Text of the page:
Art is always a great way to introduce culture into our lives. Art also allows you to interpret the meaning of the work for yourself. It also helps us to confront issues that would be otherwise too difficult for us to process. To that end, I have an event that is not to be missed – ‘Hidden Shadows and Silent Voices of Prison Number 4’.
Clint Strydom, in collaboration with Constitution Hill, and co-curator Gaisang Sathekge, will release a powerful new body of contemporary photographs on the Number 4 Prison Section in May 2017.
The important details:
- The exhibition launches at Constitution Hill on Thursday 18 May and will run until 27 August and it’s one that you should not miss.
- For exhibition information contact email@example.com or see www.themelrosegallery.com and www.clintstrydom.com and www.constitutionhill.org.za
- To reserve your place at the opening, please RSVP to Craig Mark from The Melrose Gallery on firstname.lastname@example.org
This exhibition titled ‘Hidden Shadows and Silent Voices of Prison Number 4’ will narrate the fascinating story of this nefarious prison. The Number 4 Prison Section was restricted to male prisoners and was home to Nelson Mandela, Mahatma Gandhi, Robert Sobukwe, Oliver Tambo and thousands of other people who were incarcerated here.
This infamous section is notorious for some of the worst atrocities that happened within the Old Fort Prison. Few know about the long tunnels and tiny cells that lie beneath the streets of the City of Johannesburg, the punishment racks, the naked prisoners, the food deprivation, the dirt and the cold.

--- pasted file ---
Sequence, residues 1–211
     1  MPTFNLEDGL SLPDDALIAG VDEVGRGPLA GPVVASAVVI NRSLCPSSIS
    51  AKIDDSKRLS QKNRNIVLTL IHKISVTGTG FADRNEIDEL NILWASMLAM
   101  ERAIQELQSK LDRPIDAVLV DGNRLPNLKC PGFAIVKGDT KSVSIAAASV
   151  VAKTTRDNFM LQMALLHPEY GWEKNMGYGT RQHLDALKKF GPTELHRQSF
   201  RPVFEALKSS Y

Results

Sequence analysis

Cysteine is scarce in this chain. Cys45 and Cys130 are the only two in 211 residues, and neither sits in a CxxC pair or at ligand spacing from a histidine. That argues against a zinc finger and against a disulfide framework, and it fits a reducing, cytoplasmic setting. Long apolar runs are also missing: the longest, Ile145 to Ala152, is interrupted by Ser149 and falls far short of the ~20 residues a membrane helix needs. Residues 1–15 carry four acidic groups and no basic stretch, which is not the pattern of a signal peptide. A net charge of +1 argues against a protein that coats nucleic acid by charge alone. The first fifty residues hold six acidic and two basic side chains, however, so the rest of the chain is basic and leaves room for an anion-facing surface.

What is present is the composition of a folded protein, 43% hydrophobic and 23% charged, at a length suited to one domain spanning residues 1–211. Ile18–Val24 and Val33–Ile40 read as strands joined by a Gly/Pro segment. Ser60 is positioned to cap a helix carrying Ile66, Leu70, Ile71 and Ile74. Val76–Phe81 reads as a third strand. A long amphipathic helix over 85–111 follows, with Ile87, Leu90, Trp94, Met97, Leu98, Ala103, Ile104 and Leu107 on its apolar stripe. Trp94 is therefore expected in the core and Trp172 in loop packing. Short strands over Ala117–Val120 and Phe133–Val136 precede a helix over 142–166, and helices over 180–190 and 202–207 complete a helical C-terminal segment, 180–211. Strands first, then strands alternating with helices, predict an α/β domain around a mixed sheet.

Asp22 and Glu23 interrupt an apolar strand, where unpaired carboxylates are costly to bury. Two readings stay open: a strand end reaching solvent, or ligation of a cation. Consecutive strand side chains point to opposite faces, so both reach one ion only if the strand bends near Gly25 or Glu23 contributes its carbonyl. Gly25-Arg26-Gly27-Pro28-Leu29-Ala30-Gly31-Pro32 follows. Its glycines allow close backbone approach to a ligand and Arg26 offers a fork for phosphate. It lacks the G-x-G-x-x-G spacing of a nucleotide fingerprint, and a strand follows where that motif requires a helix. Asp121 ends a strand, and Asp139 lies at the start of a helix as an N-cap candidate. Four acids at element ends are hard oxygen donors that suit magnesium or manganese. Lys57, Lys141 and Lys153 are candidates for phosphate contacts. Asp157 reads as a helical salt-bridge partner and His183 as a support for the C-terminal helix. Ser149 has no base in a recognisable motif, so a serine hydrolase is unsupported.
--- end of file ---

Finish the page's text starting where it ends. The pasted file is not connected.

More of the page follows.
The exhibition speaks to the fact that the cells are now empty, the doors lie open and the prisoners free. But the silent voices hidden in the shadows remain as custodians of the memories ensuring that we never forget and never go back. As one walks through the empty cells, the haunting presence hovers in the thick musty air.
‘The Old Fort Prison is a powerful place of history – storied with a complex painful narrative of South Africa’s brutal past. Strydom’s work, captured using the high res technology of a Hasselblad camera, captures the essence of the prison, portraying the shadows and recording the silent cries that once roared through the thick walls of incarceration. It’s a spirit-evoking body of photographs, accentuating the history of the prison’, Gaisang Sathekge.
‘Hidden Shadows and Silent Voices of Prison Number 4’ will help to give a voice to those shadows who have remained silent for so long. For this reason, I have agreed to donate several of the works to the Constitution Hill permanent collection’, Clint Strydom.
The artist and curator, however recognised that this precinct is now the home to the South African Constitutional Court, a symbol of light and inspiration to all as the protector of the South African Constitution, one of the most progressive constitutions in existence today.
Strydom and Sathekge have taken the decision to present the artworks on Diasec in large scales. This form of framing is extremely modern, contrasting with the roughness of the cell walls on which they will be presented.
Go on, take the time between May and August to appreciate some art.